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1) Can you please share with us your journey into choral music and how you became involved in Listening to the Future?

I developed a love for choral music and composition thanks to the music programs at my schools; it’s really thanks to those teachers that I became a composer. It happened more than once that teachers dedicated time outside of school to running choral ensembles for those of us who were interested. In high school, my teachers also supported my composing, and my choir and orchestra teachers were some of the first people to play my pieces. At the time, a life in composing felt unattainable, and they made it feel possible. I ended up going on to study composition in college and grad school, singing in choirs along the way.

As a grad student at UC Berkeley, I assisted our choral conductor for two years: sitting in on auditions, singing in rehearsals, running sectionals, and doing some diction coaching. It was a fantastic experience, but it also struck me that in my composition studies, I had learned relatively little about writing for voice and/or writing for choral ensembles. Sometimes, in composition programs, it can be difficult to find musicians or conductors who are deeply interested in new music, and our hands-on experiences with large ensembles or certain instruments (like voice) can be limited as a result. At times, it felt like the only way to really learn about writing choral music was to be a choral singer already, to have that firsthand knowledge of our quirky little subculture. That’s a wonderful and perfectly valid path, but there’s also a need for more formal opportunities for musicians who aren’t lucky enough to grow up singing in a choir. (Even for those of us who do, a little more structure wouldn’t hurt!)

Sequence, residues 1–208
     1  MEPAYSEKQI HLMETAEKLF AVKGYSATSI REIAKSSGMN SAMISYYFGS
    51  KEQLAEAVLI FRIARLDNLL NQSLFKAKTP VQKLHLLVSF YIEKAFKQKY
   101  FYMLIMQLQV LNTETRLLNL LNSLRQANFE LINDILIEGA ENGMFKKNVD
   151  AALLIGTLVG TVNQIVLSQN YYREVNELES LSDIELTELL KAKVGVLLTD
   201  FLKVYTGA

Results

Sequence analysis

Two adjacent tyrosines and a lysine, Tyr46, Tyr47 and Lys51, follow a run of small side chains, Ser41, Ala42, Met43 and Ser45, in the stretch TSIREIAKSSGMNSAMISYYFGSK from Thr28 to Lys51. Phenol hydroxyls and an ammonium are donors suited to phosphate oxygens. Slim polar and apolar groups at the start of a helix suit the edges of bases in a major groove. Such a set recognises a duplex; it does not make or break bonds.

I have been singing in the Pasadena Chorale since 2017, and have always loved the idea of Listening To The Future. It’s a program that not only engages young musicians who may not have studied composition before; it’s also an opportunity to write for choir that is rare at any level. It doesn’t presume that you’re already an expert; instead, it assumes that you’re a beginner, and is built to help you grow. As a one-time teenager who couldn’t afford private music instruction, I’m especially proud of the fact that it’s a free program.

2) How has it been working with the young composers in this year's program?

It has been a blast! This year’s composers are talented, energetic, funny, and engaged. They’ve been such a pleasure to work with and get to know, and I’m so excited to see where they go next.

3) What do you hope the audience will take with them from their experience on Saturday?

In some ways, composing feels like a series of experiments: you follow an interest, you try something, you listen to the results, and you learn what you want to try in your next experiment. In these pieces, you’ll hear five wonderful young musicians exploring what sort of music they enjoy writing, and how to write it. Studying composition means developing creatively as well as technically, and that process never ends. I hope that the audience will be amazed by the talent and creativity on display, will enjoy the beauty and the fun of these pieces, and will also feel excited (as I do!) about how these voices grow in the future.


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